Bronco Mentality: Hard Work Fuels Lopez’s Success

Lindsay Lopez slightly arches her back before whipping her left arm back and sending a rocket into the mitt of catcher Skyler Jenkins.

It’s a warm afternoon in San Tan Valley but Lopez doesn’t seem phased by the heat, only focused on every pitch to the imaginary batter waiting at home plate.

This day isn’t the exception, it’s the norm for the fast-rising junior who has parlayed her 1.22 career ERA and .510 average at the plate into a softball scholarship to the University of Pacific.

Her success in the circle (23 wins and two no-hitters in two seasons) and at the dish (11 home runs, 34 doubles, 91 runs batted in) are both a product of hard work, instilled by her parents who have helped her grow as both a person and a player.

“It makes me think back to when she started softball, she was eight years old,” Lindsay’s father and Poston Butte principal Eddie Lopez said to  “Taking that time to get that practice in…we would go out at night in our [neighborhood] and find a light, any kind of light. Pretty proud of her to see her meet her goals.”

The modest Lopez doesn’t sugarcoat her methodical, steady rise to success. She didn’t even start seriously pitching until age 11.

“A lot of practice, that’s what it takes, ” Lindsay said with a wide grin to “Since I’m playing club [ball], I’m practicing year-round. I’ve been working on my pitching. That’s definitely improved over the years.”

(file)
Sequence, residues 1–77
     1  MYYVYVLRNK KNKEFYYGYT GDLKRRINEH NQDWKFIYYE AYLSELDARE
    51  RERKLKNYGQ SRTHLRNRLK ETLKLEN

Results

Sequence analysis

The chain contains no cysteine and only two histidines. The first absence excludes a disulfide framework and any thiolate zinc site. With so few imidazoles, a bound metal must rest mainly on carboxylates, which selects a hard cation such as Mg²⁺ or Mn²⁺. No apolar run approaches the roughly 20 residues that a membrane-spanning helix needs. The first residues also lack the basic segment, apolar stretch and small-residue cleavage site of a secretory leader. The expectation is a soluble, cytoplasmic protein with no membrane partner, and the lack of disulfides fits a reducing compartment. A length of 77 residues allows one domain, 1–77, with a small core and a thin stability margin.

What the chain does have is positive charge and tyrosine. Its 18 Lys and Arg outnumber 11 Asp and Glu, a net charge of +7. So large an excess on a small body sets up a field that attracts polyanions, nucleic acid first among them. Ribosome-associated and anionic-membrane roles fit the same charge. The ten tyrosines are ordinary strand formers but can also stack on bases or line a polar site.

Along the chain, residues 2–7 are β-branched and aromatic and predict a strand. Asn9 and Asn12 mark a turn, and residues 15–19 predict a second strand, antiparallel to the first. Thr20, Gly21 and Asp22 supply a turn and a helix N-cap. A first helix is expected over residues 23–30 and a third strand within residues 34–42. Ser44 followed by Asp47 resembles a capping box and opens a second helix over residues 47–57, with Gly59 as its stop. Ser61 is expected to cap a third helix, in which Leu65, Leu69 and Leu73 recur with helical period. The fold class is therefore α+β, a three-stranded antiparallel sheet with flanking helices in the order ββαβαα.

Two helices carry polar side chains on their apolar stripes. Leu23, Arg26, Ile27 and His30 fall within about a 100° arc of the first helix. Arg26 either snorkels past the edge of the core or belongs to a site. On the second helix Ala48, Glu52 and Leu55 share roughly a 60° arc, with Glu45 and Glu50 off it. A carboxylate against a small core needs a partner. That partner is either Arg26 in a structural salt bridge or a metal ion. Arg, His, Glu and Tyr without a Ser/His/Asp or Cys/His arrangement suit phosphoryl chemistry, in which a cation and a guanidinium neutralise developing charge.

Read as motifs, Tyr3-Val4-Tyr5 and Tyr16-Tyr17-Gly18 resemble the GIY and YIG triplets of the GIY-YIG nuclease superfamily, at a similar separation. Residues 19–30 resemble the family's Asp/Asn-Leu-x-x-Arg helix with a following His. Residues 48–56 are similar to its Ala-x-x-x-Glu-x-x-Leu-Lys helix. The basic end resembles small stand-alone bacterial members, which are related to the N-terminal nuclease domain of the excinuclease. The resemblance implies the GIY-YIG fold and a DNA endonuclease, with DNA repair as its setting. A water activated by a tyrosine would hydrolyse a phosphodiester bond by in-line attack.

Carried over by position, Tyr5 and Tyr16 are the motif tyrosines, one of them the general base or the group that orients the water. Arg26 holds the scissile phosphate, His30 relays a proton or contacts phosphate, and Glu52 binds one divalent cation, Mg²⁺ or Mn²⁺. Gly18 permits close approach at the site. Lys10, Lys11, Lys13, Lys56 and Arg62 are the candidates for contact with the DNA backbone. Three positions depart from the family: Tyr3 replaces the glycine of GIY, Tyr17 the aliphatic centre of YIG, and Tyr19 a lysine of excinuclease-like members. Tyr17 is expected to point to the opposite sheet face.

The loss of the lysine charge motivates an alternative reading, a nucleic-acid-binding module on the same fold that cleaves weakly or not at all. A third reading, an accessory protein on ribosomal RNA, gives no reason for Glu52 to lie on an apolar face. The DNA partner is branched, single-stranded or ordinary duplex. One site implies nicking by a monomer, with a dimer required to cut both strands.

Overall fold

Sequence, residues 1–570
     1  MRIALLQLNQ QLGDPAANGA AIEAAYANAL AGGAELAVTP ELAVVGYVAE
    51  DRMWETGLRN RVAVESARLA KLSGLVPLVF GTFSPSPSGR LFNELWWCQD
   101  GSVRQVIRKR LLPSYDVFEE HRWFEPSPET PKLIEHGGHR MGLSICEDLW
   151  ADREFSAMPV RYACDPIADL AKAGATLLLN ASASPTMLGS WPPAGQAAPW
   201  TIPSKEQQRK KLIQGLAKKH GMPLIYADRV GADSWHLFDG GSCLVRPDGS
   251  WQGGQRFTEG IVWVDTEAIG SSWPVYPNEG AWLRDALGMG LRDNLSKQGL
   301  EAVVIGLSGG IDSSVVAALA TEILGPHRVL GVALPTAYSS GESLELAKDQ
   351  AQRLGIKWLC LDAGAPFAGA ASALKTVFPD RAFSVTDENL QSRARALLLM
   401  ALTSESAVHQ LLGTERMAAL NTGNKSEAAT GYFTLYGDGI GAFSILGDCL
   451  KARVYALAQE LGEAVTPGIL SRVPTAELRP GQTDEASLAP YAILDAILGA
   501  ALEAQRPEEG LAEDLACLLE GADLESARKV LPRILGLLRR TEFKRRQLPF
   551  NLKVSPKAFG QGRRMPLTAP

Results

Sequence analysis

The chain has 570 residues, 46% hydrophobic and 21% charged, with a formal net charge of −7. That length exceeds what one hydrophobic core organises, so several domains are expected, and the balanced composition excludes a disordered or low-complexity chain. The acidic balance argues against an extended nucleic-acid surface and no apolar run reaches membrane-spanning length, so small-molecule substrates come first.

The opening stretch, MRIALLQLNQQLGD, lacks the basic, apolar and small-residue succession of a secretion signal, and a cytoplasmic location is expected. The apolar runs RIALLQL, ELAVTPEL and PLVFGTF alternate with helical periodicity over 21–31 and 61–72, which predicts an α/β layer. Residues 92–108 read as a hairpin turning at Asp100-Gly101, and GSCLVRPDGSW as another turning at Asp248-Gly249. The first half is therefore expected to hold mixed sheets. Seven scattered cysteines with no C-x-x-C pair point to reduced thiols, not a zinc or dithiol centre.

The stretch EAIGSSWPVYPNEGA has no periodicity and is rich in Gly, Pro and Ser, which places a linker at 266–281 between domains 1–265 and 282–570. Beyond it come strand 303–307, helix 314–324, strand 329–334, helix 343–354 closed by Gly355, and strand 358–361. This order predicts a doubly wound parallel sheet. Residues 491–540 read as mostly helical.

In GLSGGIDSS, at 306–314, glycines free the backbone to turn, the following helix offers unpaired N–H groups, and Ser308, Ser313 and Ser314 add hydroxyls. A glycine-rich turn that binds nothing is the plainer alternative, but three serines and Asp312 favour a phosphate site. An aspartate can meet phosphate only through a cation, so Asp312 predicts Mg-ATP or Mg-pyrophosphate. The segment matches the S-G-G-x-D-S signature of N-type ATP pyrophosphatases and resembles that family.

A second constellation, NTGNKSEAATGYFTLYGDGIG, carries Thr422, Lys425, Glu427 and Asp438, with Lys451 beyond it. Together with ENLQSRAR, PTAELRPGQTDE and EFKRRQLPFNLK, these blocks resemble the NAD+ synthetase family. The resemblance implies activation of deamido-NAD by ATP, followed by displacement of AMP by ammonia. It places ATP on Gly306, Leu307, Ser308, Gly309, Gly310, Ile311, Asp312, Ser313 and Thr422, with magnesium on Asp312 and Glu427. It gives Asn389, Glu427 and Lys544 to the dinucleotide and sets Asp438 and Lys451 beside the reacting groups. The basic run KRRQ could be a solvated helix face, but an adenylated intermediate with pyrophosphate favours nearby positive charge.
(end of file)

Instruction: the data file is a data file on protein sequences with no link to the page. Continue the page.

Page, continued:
Working with her club coach (and now head coach at PBHS) Jeff Stolze, as well as a personal pitching instructor, her velocity has increased from the high 50’s as a freshman to now the mid-60’s entering her junior season.

Athletic success runs in the Lopez family. Lindsay’s mother Liisa was an all-state softball player, while Eddie played college football at BYU. Lindsay’s improvement, paired with impressive showing in a few select college showcases, helped land her offer to Pacific.

“Once she got a grasp of how to pitch in a game and how to make those in-game adjustments without us helping from the sideline,” Stolze told “Once she put all that together, she really started to take off.”

Her dominant success in the circle, paired with her polished approach at the plate as a line-drive left-handed hitter makes her one of the better players in the Valley…scary considering she still has two years of high school remaining.

Through it all, the level-headed 3.8 student remains focused on the present, surrounded by her biggest fans.

“I like to spend time with my family,” Lopez said. “That’s something you really need to do before you go off to college because that’s where your life starts and they won’t be there with you every step you take.”